Because skunk cleaner shrimp have a symbiotic relationship with fish, their behavior towards them is entirely benevolent. I’m yet to hear any reports of skunk cleaner shrimp ever harming any adult fish, although, like most tank mates, they’d likely eat fish fry, eggs, and invertebrate larvae.

Some predatory fish, such as lionfish and hawkfish may pose a threat to cleaner shrimp, but this might only make your cleaner shrimp more eager to advertise their cleaning services and avoid being eaten!

In the wild, cleaner shrimp can even be seen cleaning the teeth of large predators like moray eels! Things are less predictable in an aquarium, though, so caution is advised when considering aggressive fish, and larger invertebrates such as crabs.

Keeping Skunk Cleaner Shrimp in a Group With Other Types of Shrimp

Cleaner Shrimp

Skunk cleaner shrimp are not always entirely peaceful towards other shrimp and each other. This territorial species likes to stake out their own hiding places and won’t take kindly to rival cleaner shrimp intruding on their space.

In tanks of 20-gallon or smaller, it’s not recommended to keep more than one pair, since the weaker shrimps in the group will often get bullied or even killed, usually after molting.

Health and Disease

Skunk Cleaner Shrimp are generally quite robust but do need steady water conditions and good general care to remain in good health.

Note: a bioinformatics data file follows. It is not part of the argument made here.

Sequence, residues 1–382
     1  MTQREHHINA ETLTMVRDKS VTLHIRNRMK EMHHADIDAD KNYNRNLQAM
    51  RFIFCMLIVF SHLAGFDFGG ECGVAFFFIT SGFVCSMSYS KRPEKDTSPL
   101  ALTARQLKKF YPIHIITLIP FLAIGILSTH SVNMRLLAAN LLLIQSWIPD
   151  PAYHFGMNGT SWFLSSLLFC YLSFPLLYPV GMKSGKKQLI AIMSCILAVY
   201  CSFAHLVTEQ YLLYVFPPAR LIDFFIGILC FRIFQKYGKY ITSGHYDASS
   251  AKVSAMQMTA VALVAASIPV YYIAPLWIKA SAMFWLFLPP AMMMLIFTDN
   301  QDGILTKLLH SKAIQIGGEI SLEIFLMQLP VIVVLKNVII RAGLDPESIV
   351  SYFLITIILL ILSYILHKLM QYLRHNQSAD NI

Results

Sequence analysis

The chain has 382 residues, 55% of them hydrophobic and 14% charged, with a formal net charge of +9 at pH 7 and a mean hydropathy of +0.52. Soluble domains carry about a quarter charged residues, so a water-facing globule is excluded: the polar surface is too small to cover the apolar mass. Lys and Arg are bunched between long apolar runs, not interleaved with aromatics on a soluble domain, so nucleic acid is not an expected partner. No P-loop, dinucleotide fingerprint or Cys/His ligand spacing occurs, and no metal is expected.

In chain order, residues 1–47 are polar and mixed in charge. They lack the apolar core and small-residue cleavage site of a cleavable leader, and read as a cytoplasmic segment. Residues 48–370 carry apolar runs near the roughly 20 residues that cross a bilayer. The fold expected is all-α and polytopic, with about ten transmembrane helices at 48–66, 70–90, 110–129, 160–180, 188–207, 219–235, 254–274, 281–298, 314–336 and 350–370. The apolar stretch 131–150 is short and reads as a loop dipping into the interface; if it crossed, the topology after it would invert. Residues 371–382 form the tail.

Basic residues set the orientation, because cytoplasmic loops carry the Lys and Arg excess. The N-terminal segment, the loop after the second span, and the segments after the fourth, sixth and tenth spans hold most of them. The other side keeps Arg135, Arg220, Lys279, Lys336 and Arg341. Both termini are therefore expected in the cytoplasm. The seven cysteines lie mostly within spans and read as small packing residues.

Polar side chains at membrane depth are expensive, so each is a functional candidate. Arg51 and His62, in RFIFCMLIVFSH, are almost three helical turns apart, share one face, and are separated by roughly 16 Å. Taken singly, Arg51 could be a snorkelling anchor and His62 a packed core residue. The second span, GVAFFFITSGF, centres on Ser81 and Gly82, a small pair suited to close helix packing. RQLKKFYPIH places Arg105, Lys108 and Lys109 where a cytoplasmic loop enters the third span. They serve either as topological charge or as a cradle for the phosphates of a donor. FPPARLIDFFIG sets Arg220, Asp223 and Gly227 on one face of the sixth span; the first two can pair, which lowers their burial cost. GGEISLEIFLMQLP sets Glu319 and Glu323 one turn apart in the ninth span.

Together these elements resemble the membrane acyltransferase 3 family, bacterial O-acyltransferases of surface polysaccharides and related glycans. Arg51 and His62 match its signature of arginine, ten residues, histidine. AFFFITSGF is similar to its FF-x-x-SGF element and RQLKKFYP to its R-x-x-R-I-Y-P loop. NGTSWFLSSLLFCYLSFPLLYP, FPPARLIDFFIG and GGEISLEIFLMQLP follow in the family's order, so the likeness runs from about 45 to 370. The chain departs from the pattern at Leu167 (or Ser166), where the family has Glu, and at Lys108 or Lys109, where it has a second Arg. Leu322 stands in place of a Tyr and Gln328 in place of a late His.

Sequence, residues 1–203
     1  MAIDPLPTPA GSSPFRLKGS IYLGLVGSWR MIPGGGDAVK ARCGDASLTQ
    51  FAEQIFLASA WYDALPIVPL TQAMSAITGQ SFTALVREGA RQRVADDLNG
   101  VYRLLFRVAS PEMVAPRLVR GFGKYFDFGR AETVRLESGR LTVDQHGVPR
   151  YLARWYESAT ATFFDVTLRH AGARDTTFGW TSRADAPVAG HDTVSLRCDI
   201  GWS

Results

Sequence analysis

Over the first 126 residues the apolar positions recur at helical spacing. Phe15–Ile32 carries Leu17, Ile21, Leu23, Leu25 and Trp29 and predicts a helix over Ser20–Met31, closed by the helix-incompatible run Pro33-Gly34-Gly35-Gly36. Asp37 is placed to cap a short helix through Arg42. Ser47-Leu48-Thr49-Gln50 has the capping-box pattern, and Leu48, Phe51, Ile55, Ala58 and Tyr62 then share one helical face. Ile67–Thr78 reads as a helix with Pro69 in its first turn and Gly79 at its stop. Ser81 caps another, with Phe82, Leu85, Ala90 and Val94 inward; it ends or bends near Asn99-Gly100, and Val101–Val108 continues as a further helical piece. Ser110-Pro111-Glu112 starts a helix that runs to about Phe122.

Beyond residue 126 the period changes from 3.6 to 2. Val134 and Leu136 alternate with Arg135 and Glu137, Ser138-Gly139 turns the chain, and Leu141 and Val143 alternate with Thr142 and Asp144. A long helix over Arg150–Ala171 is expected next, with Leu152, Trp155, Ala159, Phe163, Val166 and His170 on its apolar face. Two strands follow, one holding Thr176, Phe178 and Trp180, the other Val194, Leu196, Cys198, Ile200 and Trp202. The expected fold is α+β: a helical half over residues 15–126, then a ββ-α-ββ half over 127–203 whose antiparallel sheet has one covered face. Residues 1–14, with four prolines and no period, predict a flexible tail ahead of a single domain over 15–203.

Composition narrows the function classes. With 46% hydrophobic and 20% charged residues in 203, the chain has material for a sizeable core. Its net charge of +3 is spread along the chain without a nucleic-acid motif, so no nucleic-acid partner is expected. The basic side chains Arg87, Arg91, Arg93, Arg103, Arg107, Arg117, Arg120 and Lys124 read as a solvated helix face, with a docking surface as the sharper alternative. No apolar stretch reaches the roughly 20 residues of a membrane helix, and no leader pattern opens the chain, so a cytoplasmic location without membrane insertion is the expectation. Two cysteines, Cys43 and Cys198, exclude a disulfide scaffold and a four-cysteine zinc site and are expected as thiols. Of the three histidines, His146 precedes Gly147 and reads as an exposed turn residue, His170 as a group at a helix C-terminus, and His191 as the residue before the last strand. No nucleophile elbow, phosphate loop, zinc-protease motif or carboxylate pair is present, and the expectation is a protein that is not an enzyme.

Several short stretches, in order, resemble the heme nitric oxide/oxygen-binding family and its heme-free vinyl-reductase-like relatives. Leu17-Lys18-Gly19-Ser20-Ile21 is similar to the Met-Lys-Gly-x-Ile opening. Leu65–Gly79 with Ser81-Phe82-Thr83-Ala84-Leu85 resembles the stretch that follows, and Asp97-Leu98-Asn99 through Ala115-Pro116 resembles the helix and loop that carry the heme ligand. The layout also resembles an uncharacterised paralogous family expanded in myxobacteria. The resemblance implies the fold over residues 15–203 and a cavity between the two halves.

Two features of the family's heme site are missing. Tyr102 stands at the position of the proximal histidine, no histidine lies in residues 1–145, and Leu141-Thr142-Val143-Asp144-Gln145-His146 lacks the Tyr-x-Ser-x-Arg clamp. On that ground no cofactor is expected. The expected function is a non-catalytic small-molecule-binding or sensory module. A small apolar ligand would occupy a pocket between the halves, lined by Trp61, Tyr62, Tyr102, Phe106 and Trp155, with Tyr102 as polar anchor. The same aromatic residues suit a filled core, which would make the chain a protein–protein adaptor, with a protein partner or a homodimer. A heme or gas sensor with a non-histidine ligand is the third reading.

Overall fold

As with all marine invertebrates, take great care if the tank has previously been treated with copper-based medications since copper is highly toxic to them.

Various reports have indicated that cleaner shrimp are quite sensitive to high nitrate levels, so it’s important to regularly test your water, and perform enough water changes to keep nitrates below 20 ppm.

Some aquarists have had problems with black gills on their saltwater shrimp, which can be caused by fungal infections, bacterial infections, or even issues such as sediment accumulation. Individuals suffering from these symptoms may become very lethargic and die. Shrimp farms have sometimes treated these issues with antibiotics, but there is no reliable cure.

As usual, prevention is better than cure. Most shrimp and fish diseases will only strike when your tank members are stressed, neglected, or kept in poor water conditions. Good tank maintenance and frequent observation are your best friends when it comes to keeping your shrimp and fish healthy.

Breeding Skunk Cleaner Shrimp

As mentioned earlier, skunk cleaner shrimp are simultaneous hermaphrodites, meaning that all adults have male and female reproductive organs.

While they’ll readily pair off and mate together, raising baby skunk cleaner shrimp is extremely difficult. The larvae are slow to develop and suffer a very high mortality rate in captivity, meaning they’ve probably only been bred successfully a few times in captivity.